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In this Japanese name, the family name is Murayama.
Tomiichi Murayama
村山 富市


In office
30 June 1994 – 11 January 1996
Monarch Akihito
Preceded by Tsutomu Hata
Succeeded by Ryutaro Hashimoto

Born 3 March 1924 (1924-03-03) (age 86)
Ōita, Japan
Political party Social Democratic Party (Socialist Party until 1996)
Spouse(s) Yoshie Murayama
Alma mater Meiji University

Tomiichi Murayama (村山 富市 Murayama Tomiichi?, born March 3, 1924) is a retired Japanese politician who served as the 81st Prime Minister of Japan from June 30, 1994 to January 11, 1996. He was the head of the Social Democratic Party of Japan (until 1996, the Japan Socialist Party) and the first Socialist prime minister in nearly fifty years. He is most remembered today for his speech "On the occasion of the 50th anniversary of the war's end," in which he publicly apologized for Japanese atrocities during World War II.

Early political life

Murayama was born in Ōita Prefecture; his father was a fisherman. He graduated from Meiji University and was appointed secretary of the labor union in his company and entered the Japan Socialist Party, which his union supported.

He began his political career as a member of the Ōita city council in 1955 and went on to serve three terms. In 1963 his supporters urged him to be a candidate for the Ōita prefectural assembly. He was elected three times successively. In December 1972 he was elected to the House of Representatives of Japan.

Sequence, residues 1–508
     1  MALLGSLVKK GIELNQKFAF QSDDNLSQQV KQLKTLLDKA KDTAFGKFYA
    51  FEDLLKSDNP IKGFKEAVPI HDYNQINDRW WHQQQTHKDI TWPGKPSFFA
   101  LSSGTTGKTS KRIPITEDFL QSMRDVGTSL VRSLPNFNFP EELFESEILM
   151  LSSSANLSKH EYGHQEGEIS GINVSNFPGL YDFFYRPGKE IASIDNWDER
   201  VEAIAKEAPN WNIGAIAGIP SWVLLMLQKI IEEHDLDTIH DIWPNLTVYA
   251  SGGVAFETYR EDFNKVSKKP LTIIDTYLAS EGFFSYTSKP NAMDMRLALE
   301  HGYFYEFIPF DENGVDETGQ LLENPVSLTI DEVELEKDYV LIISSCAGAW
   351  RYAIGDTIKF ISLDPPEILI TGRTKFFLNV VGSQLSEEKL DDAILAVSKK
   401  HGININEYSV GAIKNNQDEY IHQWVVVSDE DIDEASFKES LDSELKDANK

Murayama was known as a tough negotiator with a calm personality. He was not assertive but knew how to make a good compromise. In 1991 he was appointed chairman of the Diet Affairs Committee of his party, one of the eminent posts in any Japanese political party. In August 1993 after the general election, the Japan Socialist Party joined the cabinet until 1994. In October of the same year he was elected the head of the party.

Prime minister

He became Prime Minister on June 30, 1994. The cabinet was based on a coalition consisting of the Japan Socialist Party, the Liberal Democratic Party, and the New Party Sakigake.

Because of the unwieldy coalition and his character, his leadership was not strong. His party had been opposed to the Security Pact between Japan and the United States, but he stated that this pact was in accordance with the Constitution of Japan and disappointed many of his Socialist supporters. His government was criticised for not dealing quickly with the Kobe earthquake that hit Japan on January 17, 1995. Just two months later, on March 20, the Aum Shinrikyo cult carried out the Sarin gas attack on the Tokyo subway.

As the prime minister, he apologised for the atrocities committed during World War II.

In the 1996 General Election, his party lost many seats in the House of Representatives. He expressed his wish to resign from the office of Prime Minister, but his supporters opposed. A few months later he resigned and was replaced by Ryutaro Hashimoto, the head of the Liberal Democratic Party.

In 2000, he retired from politics.

See also

Political offices
Preceded by
Tsutomu Hata
Prime Minister of Japan
1994–1996
Succeeded by
Ryutaro Hashimoto

This article incorporates text from OpenHistory.








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